Chaos in the School Cafeteria: How to Find the Calm

 

As a feeding therapist who works with children who have difficulty eating in various environments, I often visit kids in their school cafeterias – otherwise known as the school CAFÉ-FEARIA, according to one 7 year old client of mine. Have you ever visited a café-fearia?

Claming the chaos in the school lunch room. How to help your child eat lunch at school.

IMAGINE being a brand new kindergartner, toting your sparkly new Disney™ princess lunchbox down the school hallway when you turn and enter utter chaos. Older kids tower over you as you negotiate the sea of tables and try to find where you a supposed to sit for the next 20 minutes and try to eat. Irritating florescent lights flicker while children chatter, teachers clap loudly to insist on silence and rebellious potato chip bags ignore the adult plea and pop open with a BANG! Metal lunchboxes clang as hungry tykes begin to unpack a multitude of tins, cartons, juice boxes and squeezable thing-a-ma-jigs to display on the giant tables like a fire sale gone wrong.

Squeeze in and climb up onto your bench, feet dangling, and balance there while your elbows rise up to shoulder level in order to stabilize yourself on the table edge; your little eyes barely able to see past the barrage of baggies and containers spread before you. Ignore the boy next to you who keeps elbowing you in the ribs repeatedly as he turns to talk to his friend on the other side of him – and turns back to eat – and turns back to his friend. By the time you get the baggies opened, the juice box straw finally unwrapped and poked hard enough that it squirts you in the face, all while holding up your other hand  to signal the teacher “Can you please open this lid?” well, another 5 minutes have passed by.  Meanwhile, that nice girl that played with you at the craft table this morning keeps smiling at you and wants to chat…and you do too.

Schools do Care

Fortunately for your little munchbug, most schools are readily open to suggestions. For 5 year old Carly, her school recognized the importance of lunchtime and how it impacts the rest of a child’s day. Carly was the tiniest child in the classroom and easily overwhelmed by noise, sights and sound. Upon entering the cafeteria, the last thing she could do was focus on what her teacher needed her to do: eat.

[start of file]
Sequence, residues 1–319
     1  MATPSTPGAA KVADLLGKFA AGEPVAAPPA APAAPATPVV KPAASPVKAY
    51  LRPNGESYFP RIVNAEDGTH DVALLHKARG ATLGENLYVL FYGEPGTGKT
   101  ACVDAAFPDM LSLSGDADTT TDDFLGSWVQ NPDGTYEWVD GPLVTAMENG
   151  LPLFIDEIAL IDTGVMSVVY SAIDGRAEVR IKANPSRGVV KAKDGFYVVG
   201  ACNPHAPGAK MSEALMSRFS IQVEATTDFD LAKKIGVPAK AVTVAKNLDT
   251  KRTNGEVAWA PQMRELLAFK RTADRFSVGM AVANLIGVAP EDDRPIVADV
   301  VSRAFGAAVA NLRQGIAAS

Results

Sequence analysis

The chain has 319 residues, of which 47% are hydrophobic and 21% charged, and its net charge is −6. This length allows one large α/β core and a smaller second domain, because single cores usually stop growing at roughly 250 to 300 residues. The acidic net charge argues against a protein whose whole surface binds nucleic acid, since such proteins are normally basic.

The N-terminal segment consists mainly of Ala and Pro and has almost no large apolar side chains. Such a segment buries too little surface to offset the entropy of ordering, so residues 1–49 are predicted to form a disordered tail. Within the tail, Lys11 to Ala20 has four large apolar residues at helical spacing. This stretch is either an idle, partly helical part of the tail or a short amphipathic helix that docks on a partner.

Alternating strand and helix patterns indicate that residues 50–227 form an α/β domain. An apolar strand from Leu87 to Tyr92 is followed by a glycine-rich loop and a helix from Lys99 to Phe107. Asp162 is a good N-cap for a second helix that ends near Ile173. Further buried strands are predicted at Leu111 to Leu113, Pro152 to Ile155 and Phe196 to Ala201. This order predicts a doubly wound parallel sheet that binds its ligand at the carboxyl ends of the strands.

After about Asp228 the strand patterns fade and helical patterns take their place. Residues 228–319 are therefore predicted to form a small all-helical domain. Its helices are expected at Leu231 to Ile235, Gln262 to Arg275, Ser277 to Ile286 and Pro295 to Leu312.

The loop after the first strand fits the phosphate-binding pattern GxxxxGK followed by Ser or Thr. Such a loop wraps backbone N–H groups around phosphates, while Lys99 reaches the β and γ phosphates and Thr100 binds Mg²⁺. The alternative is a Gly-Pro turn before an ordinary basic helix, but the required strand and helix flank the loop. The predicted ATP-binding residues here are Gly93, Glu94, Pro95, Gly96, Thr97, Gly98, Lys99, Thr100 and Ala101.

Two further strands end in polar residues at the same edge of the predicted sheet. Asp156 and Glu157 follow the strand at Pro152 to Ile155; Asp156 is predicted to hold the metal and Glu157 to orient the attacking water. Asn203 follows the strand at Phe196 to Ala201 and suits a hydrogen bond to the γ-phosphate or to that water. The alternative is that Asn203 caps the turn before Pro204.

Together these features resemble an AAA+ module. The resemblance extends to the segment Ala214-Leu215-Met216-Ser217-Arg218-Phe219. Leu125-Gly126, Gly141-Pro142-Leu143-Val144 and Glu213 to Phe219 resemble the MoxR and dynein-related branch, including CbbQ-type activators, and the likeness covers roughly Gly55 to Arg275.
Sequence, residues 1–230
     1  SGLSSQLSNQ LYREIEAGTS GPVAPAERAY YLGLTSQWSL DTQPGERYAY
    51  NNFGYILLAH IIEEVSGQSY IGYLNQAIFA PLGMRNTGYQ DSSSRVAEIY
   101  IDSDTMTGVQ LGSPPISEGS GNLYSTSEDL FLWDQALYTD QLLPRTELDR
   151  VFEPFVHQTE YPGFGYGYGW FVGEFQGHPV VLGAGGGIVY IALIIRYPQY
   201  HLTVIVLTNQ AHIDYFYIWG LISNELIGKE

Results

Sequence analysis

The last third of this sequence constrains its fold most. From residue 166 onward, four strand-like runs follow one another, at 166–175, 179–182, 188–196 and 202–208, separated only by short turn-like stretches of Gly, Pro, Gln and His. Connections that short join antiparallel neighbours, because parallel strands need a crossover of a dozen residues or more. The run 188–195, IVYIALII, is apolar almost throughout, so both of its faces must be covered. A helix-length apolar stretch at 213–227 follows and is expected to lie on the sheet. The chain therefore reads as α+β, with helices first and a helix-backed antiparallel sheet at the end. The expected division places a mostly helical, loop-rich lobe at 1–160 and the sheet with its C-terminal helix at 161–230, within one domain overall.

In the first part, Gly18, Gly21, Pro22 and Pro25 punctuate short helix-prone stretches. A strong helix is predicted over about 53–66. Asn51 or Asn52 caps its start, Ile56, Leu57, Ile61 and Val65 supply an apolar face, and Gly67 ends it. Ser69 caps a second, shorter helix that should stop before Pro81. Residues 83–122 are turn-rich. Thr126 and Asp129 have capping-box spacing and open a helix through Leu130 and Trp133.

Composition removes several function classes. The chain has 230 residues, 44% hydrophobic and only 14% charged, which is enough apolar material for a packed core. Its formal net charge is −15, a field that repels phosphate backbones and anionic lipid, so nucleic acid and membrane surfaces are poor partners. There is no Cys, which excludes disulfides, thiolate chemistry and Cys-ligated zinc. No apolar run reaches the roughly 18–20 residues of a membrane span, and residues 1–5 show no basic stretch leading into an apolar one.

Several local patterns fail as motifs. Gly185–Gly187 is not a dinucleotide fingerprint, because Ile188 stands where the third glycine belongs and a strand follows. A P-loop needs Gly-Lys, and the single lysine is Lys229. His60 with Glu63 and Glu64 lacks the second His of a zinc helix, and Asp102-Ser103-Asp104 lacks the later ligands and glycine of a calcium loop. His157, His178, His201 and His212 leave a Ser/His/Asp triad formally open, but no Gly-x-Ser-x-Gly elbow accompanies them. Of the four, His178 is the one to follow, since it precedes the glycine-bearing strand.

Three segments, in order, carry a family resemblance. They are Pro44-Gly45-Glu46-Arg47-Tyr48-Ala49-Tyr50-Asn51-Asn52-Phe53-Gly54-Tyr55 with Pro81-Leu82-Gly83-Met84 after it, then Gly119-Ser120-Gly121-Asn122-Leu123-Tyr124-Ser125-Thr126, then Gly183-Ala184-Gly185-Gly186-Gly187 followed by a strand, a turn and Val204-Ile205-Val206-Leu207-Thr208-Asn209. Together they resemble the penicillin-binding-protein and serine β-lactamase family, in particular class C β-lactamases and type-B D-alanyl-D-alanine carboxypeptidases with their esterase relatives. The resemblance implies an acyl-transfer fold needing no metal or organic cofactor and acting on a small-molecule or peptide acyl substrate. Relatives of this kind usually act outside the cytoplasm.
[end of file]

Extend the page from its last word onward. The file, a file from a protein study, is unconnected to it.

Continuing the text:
Carly’s priorities were:

  1. Dealing with the chaos
  2. Making friends

Carly’s principal allowed us to bring in a smaller table with chairs that not only fit Carly, but most of her classmates, too. We positioned the table in the corner, so that Carly flanked one wall on her left and faced two friends across the table, who likewise had a wall behind them to minimize distractions. Carly’s feet touched the ground to provide stability and the table was at “sternum height” so her elbows easily rested by her food.  (If I might use an example that perhaps adults can relate to:  Ever try to sit on a towering bar stool with no foot support while you sip that lovely martini and chat with the handsome man next to you?  It’s not easy!) Kids need core stability for fine motor skills like biting, chewing and swallowing and opening lunch containers. “Right-sized” tables provide that stability.

Carly eats from her EasyLunchbox Container

To make the experience even more efficient – Carly brought her EasyLunchbox. See that adorable, curly headed moppet in the picture above? One easy lift-off lid and she is free to gab with her friends and grab bite size pieces of fresh, yummy lunch! By the way, check out the pile of pandemonium on the rest of the table. How do the those precious kids even find what they are supposed to be eating? No wonder half their food ends up back coming back home, uneaten! Oh, and see that bigger kid dangling his feet behind her? THAT’S where Carly used to sit!

Whenever possible, find the calm in the chaos by:

  1. Little feet on the floor
  2. Table top at sternum height to see your food and rest your arms.
  3. Swift, easy-open container: Easylunchboxes!
  4. Fresh, bite-size foods to grab and gab.
  5. Smaller tables reduce noise, foster social skills and provide stability for little munchbugs!

For more ideas on helping your child be a more adventurous eater, visit My Munch Bug on Facebook.

Melanie Potock, Pediatric Speech Language Pathologist

Dancing_in_the_Kitchen Melanie Potock, MA, CCC-SLP is a national speaker on the topic of picky eating and  the authorof Happy Mealtimes with Happy Kids: How to Teach Your Child About the Joy of Food!  With over 12 years’ experience treating children with feeding difficulties, Mel’s approach to developing feeding skills includes the fundamentals of parenting in the kitchen, such as how to avoid mealtime debates and creating more joyful mealtimes, even with a hesitant eater.  Mel wrote this book in the same manner that she works with families; with an open heart and a touch of humor. She has also produced the popular children’s CD Dancing in the Kitchen: Songs that Celebrate the Joy of Food,  currently being considered for a Grammy nomination. Both products are available on her website at www.mymunchbug.com.

top photo credit: http://yourcrazymom.com/